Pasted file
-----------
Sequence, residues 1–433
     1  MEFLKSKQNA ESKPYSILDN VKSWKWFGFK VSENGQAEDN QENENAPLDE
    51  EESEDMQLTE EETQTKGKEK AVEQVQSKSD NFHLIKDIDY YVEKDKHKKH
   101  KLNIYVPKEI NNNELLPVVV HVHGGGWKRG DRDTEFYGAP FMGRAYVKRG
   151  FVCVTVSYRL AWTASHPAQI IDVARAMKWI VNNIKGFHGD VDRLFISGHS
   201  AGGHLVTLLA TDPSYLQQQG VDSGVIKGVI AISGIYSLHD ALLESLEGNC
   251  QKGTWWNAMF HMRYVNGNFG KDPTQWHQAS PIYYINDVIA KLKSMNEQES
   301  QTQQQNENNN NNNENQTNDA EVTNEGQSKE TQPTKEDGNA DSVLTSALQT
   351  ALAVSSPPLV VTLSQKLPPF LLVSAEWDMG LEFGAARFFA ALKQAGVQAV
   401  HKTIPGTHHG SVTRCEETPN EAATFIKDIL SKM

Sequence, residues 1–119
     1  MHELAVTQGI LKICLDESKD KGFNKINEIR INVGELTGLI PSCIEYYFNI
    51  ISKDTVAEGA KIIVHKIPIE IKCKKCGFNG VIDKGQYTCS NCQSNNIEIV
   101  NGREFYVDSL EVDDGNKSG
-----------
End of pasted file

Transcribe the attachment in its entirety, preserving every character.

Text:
Sequence, residues 1–433
     1  MEFLKSKQNA ESKPYSILDN VKSWKWFGFK VSENGQAEDN QENENAPLDE
    51  EESEDMQLTE EETQTKGKEK AVEQVQSKSD NFHLIKDIDY YVEKDKHKKH
   101  KLNIYVPKEI NNNELLPVVV HVHGGGWKRG DRDTEFYGAP FMGRAYVKRG
   151  FVCVTVSYRL AWTASHPAQI IDVARAMKWI VNNIKGFHGD VDRLFISGHS
   201  AGGHLVTLLA TDPSYLQQQG VDSGVIKGVI AISGIYSLHD ALLESLEGNC
   251  QKGTWWNAMF HMRYVNGNFG KDPTQWHQAS PIYYINDVIA KLKSMNEQES
   301  QTQQQNENNN NNNENQTNDA EVTNEGQSKE TQPTKEDGNA DSVLTSALQT
   351  ALAVSSPPLV VTLSQKLPPF LLVSAEWDMG LEFGAARFFA ALKQAGVQAV
   401  HKTIPGTHHG SVTRCEETPN EAATFIKDIL SKM

Sequence, residues 1–119
     1  MHELAVTQGI LKICLDESKD KGFNKINEIR INVGELTGLI PSCIEYYFNI
    51  ISKDTVAEGA KIIVHKIPIE IKCKKCGFNG VIDKGQYTCS NCQSNNIEIV
   101  NGREFYVDSL EVDDGNKSG